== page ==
Also in the report, revealed now for the first time, was the advisory that the Special Operations Division “will have personnel to assist with this detail and will assist with any demonstration.” Among them were Domestic Security Officers, or DSOs.
Under the heading of “Special Operations Division — Deployment Requirements,” the report said “the Incident Commander” shall ensure that specific objectives were “adhered to.” Among those is the order that “Long Range Acoustical Device (LRAD) – The LRAD along with the warning sheets shall be deployed by the DSO members along with the munitions load out and arrest kits.”
Domestic Security Officers (pdf) are also part of Homeland Security’s Special Operations Division.
According to The Focus, the DSO “can be heard shouted on audio recordings of the Capitol siege, when law enforcement officers needed additional support against the oncoming masses.”
“DSOs are primarily used as riot police, to dole out such crowd control measures as tear gas, pepper spray, batons and rubber bullets intended to disperse rioters. Their weapons can be lethal and are only to be used in the most extreme circumstances.”
Video evidence shows an unidentified individual handing weapons to people through a window from inside the Capitol building.
Joseph McBride, an attorney for multiple January 6 prisoners and defendants identified a man tagged by “Sedition Hunters” as “Red-Faced 45.” The man McBride says is “clearly law enforcement,” was dressed in red from head to toe—with even his face painted red. He appears in a video engaging in continuous dialogue with others whom McBride also insists are agents embedded in the crowd.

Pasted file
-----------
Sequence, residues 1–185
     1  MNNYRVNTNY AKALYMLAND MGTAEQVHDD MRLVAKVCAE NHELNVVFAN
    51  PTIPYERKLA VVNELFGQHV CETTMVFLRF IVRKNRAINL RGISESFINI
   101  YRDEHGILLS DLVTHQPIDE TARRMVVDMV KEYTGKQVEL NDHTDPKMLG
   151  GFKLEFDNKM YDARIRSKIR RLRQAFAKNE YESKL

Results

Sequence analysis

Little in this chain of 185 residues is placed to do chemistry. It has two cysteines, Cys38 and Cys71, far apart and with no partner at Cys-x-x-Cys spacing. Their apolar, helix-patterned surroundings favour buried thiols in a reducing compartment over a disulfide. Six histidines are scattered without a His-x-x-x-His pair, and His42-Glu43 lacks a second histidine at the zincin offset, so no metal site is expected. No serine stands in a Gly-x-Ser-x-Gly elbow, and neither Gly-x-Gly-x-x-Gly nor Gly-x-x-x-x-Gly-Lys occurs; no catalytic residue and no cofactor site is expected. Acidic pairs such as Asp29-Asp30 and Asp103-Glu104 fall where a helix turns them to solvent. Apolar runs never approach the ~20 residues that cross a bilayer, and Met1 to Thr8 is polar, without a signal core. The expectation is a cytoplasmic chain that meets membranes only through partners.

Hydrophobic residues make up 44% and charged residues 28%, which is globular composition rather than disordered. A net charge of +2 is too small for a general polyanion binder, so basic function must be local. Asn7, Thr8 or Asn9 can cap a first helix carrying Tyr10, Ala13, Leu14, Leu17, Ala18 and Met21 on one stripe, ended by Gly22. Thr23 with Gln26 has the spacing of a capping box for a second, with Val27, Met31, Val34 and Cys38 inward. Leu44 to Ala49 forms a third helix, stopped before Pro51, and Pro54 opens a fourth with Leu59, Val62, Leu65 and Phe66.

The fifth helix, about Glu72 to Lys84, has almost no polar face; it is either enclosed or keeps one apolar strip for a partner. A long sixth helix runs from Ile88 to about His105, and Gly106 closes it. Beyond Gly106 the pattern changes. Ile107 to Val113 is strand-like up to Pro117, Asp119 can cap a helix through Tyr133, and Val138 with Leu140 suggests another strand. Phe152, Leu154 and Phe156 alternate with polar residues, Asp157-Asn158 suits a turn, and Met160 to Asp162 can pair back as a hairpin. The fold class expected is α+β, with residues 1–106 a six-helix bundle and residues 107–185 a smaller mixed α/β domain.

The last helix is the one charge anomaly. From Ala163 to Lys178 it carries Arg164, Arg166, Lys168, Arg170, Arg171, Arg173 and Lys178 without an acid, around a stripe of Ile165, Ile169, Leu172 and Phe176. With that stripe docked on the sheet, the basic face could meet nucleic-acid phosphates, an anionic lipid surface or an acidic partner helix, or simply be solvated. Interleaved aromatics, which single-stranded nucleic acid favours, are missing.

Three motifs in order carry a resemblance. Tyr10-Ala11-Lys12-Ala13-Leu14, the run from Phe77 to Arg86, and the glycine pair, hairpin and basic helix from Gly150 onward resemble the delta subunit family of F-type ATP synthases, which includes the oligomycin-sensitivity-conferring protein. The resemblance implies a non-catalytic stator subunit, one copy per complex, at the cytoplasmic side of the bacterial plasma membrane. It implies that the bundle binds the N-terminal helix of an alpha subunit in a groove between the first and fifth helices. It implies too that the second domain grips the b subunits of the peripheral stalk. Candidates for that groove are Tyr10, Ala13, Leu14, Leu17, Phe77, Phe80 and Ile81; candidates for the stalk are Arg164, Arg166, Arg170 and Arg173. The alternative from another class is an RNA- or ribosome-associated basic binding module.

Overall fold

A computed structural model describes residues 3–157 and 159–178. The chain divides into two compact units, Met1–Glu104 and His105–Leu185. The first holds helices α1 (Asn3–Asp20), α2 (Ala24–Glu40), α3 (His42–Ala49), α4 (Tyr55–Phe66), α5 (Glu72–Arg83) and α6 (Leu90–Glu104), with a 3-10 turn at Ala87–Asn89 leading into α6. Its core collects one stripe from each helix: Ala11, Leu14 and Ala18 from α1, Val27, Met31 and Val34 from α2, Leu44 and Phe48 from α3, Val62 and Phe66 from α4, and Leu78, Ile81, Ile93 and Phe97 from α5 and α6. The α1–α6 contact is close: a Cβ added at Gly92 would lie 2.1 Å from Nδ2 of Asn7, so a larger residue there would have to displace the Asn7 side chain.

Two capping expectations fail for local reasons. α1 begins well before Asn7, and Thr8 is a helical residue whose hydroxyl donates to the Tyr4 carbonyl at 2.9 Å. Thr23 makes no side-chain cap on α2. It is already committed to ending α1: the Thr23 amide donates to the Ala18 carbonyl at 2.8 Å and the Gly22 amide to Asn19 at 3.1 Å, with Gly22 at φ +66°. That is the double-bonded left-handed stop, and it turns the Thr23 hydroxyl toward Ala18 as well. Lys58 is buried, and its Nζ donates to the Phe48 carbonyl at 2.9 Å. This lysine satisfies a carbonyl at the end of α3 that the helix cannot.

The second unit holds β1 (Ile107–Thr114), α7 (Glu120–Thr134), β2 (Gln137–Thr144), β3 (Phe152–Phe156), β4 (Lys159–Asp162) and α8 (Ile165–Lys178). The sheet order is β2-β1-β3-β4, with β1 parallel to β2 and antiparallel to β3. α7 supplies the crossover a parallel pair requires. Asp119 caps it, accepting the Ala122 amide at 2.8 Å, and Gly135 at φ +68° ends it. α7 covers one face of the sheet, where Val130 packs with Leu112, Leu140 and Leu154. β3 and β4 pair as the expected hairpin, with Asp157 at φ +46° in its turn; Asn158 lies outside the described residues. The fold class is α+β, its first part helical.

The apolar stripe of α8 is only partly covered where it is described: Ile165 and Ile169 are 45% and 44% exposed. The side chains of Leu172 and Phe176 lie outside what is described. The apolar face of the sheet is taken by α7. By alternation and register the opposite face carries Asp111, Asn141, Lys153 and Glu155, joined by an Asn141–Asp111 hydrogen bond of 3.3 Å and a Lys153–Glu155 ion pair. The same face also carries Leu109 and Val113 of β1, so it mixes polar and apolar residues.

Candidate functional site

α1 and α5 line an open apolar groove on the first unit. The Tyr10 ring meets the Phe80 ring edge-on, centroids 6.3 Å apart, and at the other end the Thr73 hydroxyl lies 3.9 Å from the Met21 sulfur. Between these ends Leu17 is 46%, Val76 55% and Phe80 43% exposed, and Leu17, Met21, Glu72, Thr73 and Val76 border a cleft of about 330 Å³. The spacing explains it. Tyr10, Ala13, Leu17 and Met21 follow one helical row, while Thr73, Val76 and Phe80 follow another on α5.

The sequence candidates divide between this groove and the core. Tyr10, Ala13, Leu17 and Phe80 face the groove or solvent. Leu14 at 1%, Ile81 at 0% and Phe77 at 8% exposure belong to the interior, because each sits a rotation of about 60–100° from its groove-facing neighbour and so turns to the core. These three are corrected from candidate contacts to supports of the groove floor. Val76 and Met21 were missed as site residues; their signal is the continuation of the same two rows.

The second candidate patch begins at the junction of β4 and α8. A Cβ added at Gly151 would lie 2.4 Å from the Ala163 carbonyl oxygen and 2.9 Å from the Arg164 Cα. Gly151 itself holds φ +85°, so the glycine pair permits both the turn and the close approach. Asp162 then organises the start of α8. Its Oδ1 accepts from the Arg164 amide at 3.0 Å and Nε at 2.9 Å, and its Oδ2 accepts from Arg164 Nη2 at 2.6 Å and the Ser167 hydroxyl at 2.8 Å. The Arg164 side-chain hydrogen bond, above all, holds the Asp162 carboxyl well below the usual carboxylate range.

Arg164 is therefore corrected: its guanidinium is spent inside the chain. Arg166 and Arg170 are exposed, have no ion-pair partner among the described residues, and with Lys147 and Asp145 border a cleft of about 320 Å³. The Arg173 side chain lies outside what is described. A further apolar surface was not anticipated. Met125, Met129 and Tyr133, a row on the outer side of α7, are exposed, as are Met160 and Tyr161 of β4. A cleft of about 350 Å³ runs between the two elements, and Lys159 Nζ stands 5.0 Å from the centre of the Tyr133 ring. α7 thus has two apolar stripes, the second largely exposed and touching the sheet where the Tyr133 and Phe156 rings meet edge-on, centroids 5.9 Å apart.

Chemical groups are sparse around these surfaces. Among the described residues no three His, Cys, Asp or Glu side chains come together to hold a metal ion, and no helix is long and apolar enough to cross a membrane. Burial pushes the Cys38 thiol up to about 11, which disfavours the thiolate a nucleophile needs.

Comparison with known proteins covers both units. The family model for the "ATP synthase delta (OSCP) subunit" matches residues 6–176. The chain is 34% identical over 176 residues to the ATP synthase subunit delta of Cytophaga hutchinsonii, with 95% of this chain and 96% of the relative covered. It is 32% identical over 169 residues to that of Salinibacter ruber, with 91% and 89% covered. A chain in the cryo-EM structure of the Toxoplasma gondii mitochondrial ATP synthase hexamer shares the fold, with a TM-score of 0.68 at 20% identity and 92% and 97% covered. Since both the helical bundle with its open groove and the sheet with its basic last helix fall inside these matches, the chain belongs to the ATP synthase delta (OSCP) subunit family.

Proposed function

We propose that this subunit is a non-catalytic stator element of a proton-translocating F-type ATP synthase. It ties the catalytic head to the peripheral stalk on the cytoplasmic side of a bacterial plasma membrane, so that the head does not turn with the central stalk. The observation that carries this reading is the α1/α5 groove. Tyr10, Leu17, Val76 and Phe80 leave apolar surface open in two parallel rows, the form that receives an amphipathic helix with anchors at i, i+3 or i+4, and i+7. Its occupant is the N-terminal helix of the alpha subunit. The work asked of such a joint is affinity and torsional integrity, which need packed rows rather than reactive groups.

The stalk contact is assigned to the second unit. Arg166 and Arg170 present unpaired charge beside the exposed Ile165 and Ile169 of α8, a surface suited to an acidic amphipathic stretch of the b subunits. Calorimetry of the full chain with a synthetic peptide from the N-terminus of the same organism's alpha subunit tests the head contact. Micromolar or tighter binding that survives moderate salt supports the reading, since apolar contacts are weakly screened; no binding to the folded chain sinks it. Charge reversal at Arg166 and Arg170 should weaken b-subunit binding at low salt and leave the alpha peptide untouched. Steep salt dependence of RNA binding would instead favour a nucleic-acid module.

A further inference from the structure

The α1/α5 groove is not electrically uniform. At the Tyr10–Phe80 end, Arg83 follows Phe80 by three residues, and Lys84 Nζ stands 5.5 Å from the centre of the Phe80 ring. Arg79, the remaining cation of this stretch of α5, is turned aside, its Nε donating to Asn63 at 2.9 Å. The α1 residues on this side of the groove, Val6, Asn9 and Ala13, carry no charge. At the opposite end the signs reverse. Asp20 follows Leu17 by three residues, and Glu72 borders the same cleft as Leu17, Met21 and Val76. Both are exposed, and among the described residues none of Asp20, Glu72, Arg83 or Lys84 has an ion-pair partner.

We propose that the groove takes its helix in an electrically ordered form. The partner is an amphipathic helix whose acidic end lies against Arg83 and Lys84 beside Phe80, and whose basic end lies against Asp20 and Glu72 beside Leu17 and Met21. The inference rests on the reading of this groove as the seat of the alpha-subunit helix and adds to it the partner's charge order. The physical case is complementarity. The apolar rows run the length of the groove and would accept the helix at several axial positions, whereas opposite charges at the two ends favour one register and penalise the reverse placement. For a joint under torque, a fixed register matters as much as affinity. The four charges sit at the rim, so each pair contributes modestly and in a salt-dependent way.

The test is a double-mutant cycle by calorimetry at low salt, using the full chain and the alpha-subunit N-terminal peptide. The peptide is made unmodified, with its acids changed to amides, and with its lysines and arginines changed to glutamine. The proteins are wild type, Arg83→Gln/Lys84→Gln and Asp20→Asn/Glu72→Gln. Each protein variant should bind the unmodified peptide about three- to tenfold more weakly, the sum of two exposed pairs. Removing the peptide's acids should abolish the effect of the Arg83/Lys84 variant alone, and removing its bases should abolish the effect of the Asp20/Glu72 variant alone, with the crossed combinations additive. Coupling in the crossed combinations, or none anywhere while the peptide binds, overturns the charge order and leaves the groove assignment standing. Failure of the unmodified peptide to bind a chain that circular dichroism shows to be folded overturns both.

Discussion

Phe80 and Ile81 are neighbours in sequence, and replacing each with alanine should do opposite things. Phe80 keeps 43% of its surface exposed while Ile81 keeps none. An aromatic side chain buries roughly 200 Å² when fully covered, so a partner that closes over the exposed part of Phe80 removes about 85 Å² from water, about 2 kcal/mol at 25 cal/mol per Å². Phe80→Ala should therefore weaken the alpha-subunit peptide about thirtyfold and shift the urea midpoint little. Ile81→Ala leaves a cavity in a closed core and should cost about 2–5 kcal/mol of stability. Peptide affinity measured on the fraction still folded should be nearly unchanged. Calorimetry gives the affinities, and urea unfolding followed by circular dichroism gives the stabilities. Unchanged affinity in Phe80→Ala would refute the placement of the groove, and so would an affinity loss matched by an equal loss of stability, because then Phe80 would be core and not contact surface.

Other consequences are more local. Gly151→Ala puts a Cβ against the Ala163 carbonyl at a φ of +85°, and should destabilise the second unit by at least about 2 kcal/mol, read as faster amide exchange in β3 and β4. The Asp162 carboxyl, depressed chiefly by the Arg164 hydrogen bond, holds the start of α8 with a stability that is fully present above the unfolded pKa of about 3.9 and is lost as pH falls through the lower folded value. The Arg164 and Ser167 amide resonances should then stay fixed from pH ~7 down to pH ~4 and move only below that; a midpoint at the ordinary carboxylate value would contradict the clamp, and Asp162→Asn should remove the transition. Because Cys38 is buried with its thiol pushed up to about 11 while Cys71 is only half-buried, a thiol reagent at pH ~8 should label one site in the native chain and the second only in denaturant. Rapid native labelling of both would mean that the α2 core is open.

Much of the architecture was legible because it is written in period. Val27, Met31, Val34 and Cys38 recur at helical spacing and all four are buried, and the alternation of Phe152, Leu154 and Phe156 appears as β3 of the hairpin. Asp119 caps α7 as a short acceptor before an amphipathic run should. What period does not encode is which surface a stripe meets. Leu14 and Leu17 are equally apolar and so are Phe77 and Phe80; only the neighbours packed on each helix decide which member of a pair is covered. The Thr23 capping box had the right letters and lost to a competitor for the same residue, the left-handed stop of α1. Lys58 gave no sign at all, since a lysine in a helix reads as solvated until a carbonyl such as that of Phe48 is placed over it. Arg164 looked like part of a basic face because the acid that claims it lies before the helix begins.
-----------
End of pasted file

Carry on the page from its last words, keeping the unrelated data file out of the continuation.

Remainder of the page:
“He passes out weapons, sledgehammers, poles, mace. Some of those things come in contact with some of the other protesters who have subsequently been charged with possessing dangerous weapons and are using dangerous weapons at the Capitol. That is clearly entrapment.
That is clearly the government creating conditions of dangerousness and entrapping members of the crowd to possess weapons and possibly use them for reasons that we cannot comprehend.”
According to a 140-page report issued by then-Capitol Police Inspector General Michael Bolton—”Review of the Events Surrounding the Jan. 6, 2021, Takeover of the U.S. Capitol”—Capitol Police’s Civil Disturbance Unit was ordered by supervisors not to use the department’s most powerful tools, like stun guns. Also, “heavier, less-lethal weapons,” including stun grenades, “were not used that day because of orders from leadership.”